Although the matter is by no means without doubt, as we understand the statutory scheme, the Commissioner's implementation thereof, and the insurance industry's accommodation thereto, the extended-medical-expense benefits provision represents a very narrow window of coverage to a limited class of persons who, like plaintiff in this case, are ineligible for basic [now standard] PIP benefits. Recognizing the unavailability of PIP's unlimited (now $250,000) medical coverage but wishing nevertheless to address in some small measure the medical-expense disaster that can befall those injured by use of a"highway vehicle" (as distinguished from an automobile), the Commissioner, acting under legislative authorization, has mandated first-party coverage of up to $10,000 in medical expenses. The Aetna policy, which follows the standard form, recognizes the difference between that coverage and basic [now"standard"] PIP by declaring the extended coverage inapplicable if the insured person is entitled to basic [now standard] PIP benefits.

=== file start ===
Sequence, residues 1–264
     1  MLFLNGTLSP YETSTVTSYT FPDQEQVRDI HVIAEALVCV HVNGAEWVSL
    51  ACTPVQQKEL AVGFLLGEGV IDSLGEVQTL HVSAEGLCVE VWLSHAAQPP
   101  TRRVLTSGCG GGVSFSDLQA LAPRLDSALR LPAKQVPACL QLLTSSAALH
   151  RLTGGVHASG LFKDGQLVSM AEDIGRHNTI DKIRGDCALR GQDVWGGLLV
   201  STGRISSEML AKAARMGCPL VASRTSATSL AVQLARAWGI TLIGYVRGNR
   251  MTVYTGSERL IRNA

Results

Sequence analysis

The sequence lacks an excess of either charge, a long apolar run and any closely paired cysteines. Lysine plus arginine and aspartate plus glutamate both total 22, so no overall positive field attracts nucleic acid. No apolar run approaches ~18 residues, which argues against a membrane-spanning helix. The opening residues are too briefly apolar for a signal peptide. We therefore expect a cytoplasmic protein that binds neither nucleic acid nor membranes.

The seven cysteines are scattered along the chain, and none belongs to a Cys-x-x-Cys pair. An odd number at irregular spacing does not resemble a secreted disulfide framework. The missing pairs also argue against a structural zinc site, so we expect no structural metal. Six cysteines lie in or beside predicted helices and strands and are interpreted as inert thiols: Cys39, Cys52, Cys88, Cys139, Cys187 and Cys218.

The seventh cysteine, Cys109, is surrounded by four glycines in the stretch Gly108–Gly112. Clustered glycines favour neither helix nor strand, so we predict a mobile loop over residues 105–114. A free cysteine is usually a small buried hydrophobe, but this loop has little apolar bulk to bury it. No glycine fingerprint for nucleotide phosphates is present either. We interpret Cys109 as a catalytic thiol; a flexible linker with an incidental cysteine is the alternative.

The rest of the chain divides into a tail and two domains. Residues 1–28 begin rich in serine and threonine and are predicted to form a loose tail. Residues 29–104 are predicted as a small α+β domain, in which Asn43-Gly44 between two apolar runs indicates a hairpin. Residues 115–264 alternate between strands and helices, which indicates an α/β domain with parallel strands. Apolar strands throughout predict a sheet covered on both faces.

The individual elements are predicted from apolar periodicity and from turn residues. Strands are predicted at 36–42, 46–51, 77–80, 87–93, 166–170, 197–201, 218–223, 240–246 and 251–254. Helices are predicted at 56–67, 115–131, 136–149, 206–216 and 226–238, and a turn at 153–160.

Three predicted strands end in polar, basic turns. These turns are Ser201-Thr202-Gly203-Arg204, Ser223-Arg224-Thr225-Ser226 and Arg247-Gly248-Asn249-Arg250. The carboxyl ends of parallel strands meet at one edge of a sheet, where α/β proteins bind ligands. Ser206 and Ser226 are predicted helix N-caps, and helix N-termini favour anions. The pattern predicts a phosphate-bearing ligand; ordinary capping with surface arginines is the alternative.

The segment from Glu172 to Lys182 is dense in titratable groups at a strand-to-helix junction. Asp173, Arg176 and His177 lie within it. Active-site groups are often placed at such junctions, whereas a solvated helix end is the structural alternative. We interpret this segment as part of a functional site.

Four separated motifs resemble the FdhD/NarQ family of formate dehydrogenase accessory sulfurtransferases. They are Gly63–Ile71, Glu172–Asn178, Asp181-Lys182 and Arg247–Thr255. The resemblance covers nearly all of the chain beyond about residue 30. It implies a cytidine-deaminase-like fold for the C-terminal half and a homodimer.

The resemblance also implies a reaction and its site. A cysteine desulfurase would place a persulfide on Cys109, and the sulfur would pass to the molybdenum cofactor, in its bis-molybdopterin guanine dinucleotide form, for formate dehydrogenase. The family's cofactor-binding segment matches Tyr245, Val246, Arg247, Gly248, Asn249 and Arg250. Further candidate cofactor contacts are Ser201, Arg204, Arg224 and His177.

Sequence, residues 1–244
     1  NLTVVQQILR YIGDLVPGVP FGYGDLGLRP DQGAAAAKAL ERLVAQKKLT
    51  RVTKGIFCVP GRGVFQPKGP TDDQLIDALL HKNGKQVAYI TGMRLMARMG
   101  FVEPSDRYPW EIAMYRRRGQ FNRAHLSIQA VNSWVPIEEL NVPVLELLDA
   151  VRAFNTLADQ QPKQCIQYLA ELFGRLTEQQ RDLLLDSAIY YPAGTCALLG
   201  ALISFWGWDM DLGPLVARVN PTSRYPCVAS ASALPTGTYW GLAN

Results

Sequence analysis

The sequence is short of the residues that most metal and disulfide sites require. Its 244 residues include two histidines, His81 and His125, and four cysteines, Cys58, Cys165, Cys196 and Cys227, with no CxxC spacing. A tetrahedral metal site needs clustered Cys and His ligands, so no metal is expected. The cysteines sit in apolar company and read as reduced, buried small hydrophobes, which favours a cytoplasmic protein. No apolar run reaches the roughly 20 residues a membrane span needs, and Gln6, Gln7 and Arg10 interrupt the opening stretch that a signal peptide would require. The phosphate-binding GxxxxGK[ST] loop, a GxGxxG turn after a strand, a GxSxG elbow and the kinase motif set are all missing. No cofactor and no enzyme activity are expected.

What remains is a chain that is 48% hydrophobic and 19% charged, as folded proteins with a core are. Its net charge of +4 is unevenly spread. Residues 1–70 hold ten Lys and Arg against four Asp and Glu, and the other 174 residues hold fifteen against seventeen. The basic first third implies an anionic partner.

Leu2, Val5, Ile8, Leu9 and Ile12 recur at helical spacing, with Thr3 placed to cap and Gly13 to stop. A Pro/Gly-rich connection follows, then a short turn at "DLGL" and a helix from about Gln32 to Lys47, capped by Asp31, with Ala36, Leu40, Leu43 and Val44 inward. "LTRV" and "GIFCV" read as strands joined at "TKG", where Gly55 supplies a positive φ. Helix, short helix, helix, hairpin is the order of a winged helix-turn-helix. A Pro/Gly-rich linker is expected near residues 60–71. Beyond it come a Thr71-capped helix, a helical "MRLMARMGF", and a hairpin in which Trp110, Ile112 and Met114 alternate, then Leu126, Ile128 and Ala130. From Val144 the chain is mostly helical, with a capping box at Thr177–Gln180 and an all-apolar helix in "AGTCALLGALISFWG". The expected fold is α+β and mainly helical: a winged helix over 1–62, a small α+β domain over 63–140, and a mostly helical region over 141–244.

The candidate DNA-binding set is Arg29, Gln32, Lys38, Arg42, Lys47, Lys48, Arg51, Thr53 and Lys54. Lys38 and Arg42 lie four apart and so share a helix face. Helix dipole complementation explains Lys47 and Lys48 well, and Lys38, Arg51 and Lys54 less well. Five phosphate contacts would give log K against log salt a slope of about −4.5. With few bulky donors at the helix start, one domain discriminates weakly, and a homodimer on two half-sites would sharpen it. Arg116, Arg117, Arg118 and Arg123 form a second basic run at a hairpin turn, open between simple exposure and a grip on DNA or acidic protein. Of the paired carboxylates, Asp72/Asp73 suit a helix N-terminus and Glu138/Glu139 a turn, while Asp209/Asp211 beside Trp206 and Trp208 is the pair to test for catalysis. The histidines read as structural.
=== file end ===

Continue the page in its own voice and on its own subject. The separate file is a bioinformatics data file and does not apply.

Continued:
[Id. at 240.]
The Court reasoned that the"industry's recognition of a significant functional difference between basic [now standard] PIP coverage and Section II [Med-Pay] coverage -- a difference that [was] underscored by the disallowance of Section II benefits when the insured person [was] entitled to basic PIP coverage," supported its conclusion that the anti-stacking rule did not apply. Id. at 241. Thus, the Court permitted recovery of Med-Pay benefits under both policies. Id. at 241.